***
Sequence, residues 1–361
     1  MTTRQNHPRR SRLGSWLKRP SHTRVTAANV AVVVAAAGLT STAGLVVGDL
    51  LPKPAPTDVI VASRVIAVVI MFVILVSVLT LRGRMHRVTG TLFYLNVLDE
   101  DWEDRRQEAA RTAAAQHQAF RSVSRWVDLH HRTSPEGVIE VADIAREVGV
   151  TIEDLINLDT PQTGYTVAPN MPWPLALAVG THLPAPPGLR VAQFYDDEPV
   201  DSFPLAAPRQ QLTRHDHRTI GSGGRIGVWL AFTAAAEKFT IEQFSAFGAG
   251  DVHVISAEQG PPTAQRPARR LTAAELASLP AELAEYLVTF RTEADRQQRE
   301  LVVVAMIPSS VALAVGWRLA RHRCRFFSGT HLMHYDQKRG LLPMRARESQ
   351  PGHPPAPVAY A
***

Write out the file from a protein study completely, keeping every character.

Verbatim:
Sequence, residues 1–361
     1  MTTRQNHPRR SRLGSWLKRP SHTRVTAANV AVVVAAAGLT STAGLVVGDL
    51  LPKPAPTDVI VASRVIAVVI MFVILVSVLT LRGRMHRVTG TLFYLNVLDE
   101  DWEDRRQEAA RTAAAQHQAF RSVSRWVDLH HRTSPEGVIE VADIAREVGV
   151  TIEDLINLDT PQTGYTVAPN MPWPLALAVG THLPAPPGLR VAQFYDDEPV
   201  DSFPLAAPRQ QLTRHDHRTI GSGGRIGVWL AFTAAAEKFT IEQFSAFGAG
   251  DVHVISAEQG PPTAQRPARR LTAAELASLP AELAEYLVTF RTEADRQQRE
   301  LVVVAMIPSS VALAVGWRLA RHRCRFFSGT HLMHYDQKRG LLPMRARESQ
   351  PGHPPAPVAY A